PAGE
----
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Using post-structural linguistic frameworks to explore the school experiences of LGBT+ youth
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The relationship between sexuality and schooling is one which is currently the subject of much debate. The British government continues to state that it wants to find ways of tackling homophobic bullying schools. However, the increased emphasis on tackling homophobia in schools has been met with mixed reactions from politicians, students, educators, activists and the general public. Research indicates that heteronormativity and homophobia continue to pervade schools and that the effects of this are damaging for young people identifying or perceived to be LGBT+.

It has been suggested that one of the reasons that the aim of tackling homophobia in schools has not been achieved is that we still lack understanding of how heteronormativity and homophobia are enacted in school contexts. A key way in which homophobia is enacted is through language. Nelson (2012) is critical that, in language-focused education research, there has been little dialogue between applied linguistics and queer linguistics and calls for more attention to be paid to how linguistic analysis can offer important insights into gender, sexualities and education. In light of this call, this paper exemplifies how applied linguistics is currently being used to further understandings of how discriminatory practices around gender and sexuality are enacted in school contexts with a view to challenging them. The paper draws on data from school curriculum documents and interviews with young LGBT+ people and educators (analysed using combinations of corpus-based, appraisal and critical discourse analysis) to explore these questions:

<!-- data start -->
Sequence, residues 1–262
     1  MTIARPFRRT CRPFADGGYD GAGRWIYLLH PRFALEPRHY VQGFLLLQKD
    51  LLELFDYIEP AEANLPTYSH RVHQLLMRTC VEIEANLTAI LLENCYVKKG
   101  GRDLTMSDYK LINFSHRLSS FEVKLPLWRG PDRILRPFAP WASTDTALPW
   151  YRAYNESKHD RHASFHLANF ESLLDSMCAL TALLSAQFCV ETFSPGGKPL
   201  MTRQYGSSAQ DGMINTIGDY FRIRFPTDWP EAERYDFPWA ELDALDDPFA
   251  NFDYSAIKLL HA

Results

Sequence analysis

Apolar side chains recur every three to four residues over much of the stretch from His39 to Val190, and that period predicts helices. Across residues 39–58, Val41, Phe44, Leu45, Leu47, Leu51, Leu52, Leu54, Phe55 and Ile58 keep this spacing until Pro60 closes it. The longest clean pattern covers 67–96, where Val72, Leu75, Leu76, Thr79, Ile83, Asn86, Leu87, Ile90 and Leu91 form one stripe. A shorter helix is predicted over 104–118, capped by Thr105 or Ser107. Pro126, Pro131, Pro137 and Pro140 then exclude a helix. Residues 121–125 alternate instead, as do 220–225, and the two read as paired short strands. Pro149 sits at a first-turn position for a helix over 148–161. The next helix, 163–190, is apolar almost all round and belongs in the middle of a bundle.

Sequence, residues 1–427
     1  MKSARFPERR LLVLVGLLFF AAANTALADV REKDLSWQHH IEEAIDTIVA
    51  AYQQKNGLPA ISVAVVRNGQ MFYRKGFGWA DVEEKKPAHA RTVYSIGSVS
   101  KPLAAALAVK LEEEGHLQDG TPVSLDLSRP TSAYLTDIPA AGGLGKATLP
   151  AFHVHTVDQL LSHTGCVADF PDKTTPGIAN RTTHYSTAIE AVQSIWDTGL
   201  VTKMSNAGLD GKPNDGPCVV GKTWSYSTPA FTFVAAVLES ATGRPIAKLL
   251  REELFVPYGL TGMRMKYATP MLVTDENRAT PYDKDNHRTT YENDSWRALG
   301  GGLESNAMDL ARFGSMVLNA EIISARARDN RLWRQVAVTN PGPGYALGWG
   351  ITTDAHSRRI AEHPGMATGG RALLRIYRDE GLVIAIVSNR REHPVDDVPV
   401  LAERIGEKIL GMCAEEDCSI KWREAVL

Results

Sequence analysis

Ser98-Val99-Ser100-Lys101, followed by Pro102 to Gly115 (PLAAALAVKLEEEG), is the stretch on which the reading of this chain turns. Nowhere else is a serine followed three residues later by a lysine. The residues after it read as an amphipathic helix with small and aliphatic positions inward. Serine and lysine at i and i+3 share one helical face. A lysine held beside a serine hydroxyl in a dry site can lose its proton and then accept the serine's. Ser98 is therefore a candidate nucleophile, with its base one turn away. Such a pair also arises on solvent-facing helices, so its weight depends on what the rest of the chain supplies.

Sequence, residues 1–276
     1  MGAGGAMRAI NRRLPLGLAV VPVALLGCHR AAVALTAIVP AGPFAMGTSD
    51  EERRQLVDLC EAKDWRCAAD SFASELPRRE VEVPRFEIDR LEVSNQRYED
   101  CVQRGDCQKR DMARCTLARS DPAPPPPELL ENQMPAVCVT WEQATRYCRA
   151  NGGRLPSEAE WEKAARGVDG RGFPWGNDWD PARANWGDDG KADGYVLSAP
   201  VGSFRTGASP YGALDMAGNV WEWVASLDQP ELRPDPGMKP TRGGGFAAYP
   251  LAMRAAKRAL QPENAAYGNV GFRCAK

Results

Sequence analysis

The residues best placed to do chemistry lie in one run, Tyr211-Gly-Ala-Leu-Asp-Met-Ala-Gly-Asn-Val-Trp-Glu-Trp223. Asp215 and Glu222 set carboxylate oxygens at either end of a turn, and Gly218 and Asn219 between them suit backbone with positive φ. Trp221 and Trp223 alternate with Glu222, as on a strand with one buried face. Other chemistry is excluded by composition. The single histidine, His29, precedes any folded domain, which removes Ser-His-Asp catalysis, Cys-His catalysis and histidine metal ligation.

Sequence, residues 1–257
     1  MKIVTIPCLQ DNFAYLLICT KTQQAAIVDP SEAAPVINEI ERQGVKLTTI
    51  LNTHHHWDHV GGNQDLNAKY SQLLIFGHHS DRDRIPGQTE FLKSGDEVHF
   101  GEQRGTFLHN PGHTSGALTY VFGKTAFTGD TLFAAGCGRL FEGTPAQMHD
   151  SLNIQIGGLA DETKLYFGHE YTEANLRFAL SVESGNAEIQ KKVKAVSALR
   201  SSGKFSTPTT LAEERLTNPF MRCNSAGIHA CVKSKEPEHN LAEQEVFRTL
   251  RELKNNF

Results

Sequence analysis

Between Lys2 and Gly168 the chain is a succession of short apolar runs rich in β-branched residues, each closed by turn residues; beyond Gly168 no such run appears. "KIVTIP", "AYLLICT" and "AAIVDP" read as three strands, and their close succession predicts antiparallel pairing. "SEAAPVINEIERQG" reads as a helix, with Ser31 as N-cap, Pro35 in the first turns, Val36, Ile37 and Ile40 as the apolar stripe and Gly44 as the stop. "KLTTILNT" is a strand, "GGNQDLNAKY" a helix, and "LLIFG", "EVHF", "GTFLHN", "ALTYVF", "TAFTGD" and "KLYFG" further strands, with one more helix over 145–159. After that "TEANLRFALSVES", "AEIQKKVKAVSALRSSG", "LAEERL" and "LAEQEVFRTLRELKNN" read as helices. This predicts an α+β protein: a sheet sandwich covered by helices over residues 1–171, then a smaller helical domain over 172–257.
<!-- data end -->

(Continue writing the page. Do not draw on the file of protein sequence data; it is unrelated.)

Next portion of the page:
• What can poststructuralist linguistic analysis reveal about how young LGBT+ people experience gender and sexuality in schools?
  • How are different attitudes towards gender and sexual diversity enacted in the texts and language practices circulating in schools?
  • What can poststructuralist linguistic analysis reveal about these experiences and attitudes that other kinds of analysis may not be able to reveal?
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